Yes, however, fees structures vary from one Chautauqua to another. There are some, like Chautuauqa Institution, Lakeside and Monteagle, that are gated and require guests to purchase a gate pass, entitling pass holders to attend most or all of the programs offered at no additional fee. Others require fees to attend individual programs. Additionally, parking fees may also apply.

Please use the Chautauqua Trail website to link to individual Chautauqua websites to learn more about applicable fees. Regardless of fee structure, the value of the Chautauqua Experience greatly outweighs the cost of admission.

All Chautauquas share a common heritage and have many similar qualities. However, each Chautauqua is also unique. Exploring the traditions of each is part of the joy of discovery on the Chautauqua Trail.

Yes. Individual memberships are available for a nominal fee. As a member of the Chautauqua Trail, you will receive the e-newsletter and an invitation to attend the annual meeting. You will be supporting one of the most important educational movements in North American history.

This varies by Chautauqua. Some offer summer long programming (8 – 12 weeks) while others offer a multi-day assembly. Please consult individual Chautauqua websites for more information.

Founded in 1878, the Chautauqua Literary and Scientific Circle is the oldest continuous book club in the United States. Each summer, the CLSC’s task is to choose 10 influential books across genres. The authors of those books are then invited to visit Chautauqua Institution to present their work and discuss the craft of writing.

More than a million people visited Chautauqua communities in the U.S. and Canada last year, taking advantage of educational, religious, cultural arts and recreational programming.

Yes. Most Chautauqua communities offer accommodations and dining options on their grounds. Additionally, Chautauquas are generally located in or near tourist areas that offer a wider range of restaurants, hotels, bed and breakfast inns, campgrounds, cabins, as well as condo and cottage rentals. Summer is generally considered peak season. Please visit individual Chautauqua websites for more information.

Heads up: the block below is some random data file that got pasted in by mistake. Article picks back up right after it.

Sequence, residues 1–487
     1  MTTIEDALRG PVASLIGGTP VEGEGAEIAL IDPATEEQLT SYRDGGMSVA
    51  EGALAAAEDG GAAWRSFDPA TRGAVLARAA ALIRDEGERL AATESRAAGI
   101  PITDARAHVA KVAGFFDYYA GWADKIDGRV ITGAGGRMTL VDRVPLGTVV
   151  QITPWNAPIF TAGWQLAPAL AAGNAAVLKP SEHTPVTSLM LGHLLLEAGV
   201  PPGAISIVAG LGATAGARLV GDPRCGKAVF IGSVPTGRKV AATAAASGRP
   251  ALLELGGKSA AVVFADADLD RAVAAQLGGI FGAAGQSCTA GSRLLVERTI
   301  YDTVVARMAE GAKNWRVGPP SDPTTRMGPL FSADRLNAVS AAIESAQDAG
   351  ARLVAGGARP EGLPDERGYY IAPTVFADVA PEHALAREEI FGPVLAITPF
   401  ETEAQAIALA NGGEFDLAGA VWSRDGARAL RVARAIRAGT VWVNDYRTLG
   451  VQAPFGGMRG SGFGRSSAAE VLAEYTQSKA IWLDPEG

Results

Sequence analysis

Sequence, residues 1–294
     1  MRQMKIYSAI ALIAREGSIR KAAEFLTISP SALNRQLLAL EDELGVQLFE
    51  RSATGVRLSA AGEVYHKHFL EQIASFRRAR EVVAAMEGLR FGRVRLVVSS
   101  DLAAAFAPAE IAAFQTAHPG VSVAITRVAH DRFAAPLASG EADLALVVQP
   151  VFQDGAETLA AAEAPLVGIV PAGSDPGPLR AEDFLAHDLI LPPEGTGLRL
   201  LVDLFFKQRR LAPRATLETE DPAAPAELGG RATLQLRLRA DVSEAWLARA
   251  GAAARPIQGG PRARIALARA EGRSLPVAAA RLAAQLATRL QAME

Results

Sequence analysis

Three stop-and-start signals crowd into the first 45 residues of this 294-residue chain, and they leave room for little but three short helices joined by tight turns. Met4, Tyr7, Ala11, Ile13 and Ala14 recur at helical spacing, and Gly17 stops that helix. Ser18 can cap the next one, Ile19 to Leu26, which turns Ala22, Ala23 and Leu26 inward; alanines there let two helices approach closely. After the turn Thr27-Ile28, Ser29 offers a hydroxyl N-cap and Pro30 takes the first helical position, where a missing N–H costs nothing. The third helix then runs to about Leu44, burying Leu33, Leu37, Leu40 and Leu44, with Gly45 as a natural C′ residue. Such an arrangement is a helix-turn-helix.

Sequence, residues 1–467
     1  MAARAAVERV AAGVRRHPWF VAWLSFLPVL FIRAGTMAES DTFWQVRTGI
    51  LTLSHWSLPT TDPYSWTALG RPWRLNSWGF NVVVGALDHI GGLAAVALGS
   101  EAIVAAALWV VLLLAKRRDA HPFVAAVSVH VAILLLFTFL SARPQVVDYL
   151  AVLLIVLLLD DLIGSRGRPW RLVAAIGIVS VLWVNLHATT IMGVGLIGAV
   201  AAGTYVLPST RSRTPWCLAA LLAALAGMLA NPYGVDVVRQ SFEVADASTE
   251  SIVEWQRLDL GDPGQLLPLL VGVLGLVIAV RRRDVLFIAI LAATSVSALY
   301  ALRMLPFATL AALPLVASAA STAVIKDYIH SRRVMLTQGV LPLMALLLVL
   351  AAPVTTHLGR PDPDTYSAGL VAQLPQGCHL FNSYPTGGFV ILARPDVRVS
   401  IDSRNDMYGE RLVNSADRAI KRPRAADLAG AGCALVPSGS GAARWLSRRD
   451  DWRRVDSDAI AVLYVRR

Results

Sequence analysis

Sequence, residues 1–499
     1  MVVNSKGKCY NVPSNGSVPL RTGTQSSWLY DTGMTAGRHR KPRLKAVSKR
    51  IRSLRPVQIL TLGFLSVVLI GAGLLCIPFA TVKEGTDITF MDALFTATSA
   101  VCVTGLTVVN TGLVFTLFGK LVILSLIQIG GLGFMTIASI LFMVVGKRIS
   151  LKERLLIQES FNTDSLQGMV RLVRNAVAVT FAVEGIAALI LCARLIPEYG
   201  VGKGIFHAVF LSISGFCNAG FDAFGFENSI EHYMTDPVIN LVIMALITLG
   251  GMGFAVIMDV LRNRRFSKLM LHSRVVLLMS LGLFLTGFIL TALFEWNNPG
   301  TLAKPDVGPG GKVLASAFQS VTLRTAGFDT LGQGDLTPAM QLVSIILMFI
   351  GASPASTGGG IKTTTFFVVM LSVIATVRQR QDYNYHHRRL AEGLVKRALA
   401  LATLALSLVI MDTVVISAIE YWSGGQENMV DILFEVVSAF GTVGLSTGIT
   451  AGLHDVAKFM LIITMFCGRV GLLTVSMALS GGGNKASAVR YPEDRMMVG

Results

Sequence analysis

The Chautauqua Trail is a cultural heritage trail linking remaining Chautauqua sites across the U.S. and Canada. It is part of a new initiative launched by the Chautauqua Network, a non-profit organization, to better promote the 21st century Chautauqua Movement. Chautauquas pioneered the concept of lifelong learning over a century ago. This collective experience combined with the explosive growth of cultural heritage tourism uniquely position Chautauquas as more and more North Americans seek to improve their lives through continued learning.

The best way to support the mission of the Chautauqua Trail is to become a member. From the home page, click “Join the Movement” tab and then click “Join Us”. Individual memberships are $10 per year. Organizational memberships are $100 per year. As a member, you will receive the Chautauqua Network e-Newsletter and an invitation to attend the Chautauqua Network Annual Meeting. Additionally, in most cases, you can also support individual Chautauquas by making a tax-deductible gift to the institution. Please consult the appropriate independent Chautauqua website for more information.

Thank you for your interest. Should you have additional questions after reviewing our website, please fill out the electronic form under the ‘Contact Us’ tab. We will respond as quickly as we can to each inquiry.

No, not at all. Anyone can travel the Chautauqua Trail. However, individual and organizational Chautauqua Trail memberships help support the 21st century Chautauqua Movement as well as the Chautauqua Trail website. Please click on “Join the Movement” for membership information. Support this enduring movement; join the Chautauqua Trail today!

Chautauqua Institution cofounder John Vincent said “Chautauqua is an idea, embracing the ‘all things’ of life – art, science, society, religion, patriotism, education – whatsoever tends to enlarge, refine, and ennoble the individual.” He wrote that it was the aim of Chautauqua “to take people on all sides of their natures and make them new, more intelligent and thoughtful in a world of ideas.” (The Chautauquan, Fall 1999)

The Chautauqua movement began at Lake Chautauqua, New York in 1874 as a summer retreat for the training of Sunday School teachers. From the first year onward the Chautauqua idea was all-denominational and blended study and recreation in a pastoral setting. It broadened almost immediately to include academic subjects, music, art, humanities, and physical education. By 1880 the Chautauqua platform had established itself as a national forum for open discussion of public issues, international relations, literature, and science.

Soon after the founding of the original Chautauqua in New York, numerous independent Chautauqua assemblies were established throughout the country, based upon the ideals of the original. Additionally, in an effort to reach those who could not attend the established Chautauqua assemblies, travelling circuits or “tent Chautauquas” sprang up and continued until the early 1930s.

The Chautauqua idea currently thrives at Chautauqua Institution in New York and at its surviving “independents” around the country. In addition, some Chautauquas which became inactive in the 1930s are now being revived. Even a new Chautauqua circuit has recently started up which travels to cities across the country bringing historical re-enactors to lecture, teach, and entertain.

Chautauqua has grown to represent life-long learning in its fullest sense – educational and cultural opportunities for the total person. It has been one of the major influences in adult education in this country and remains true to its founders’ ideal of “embracing the ‘all things’ of life.”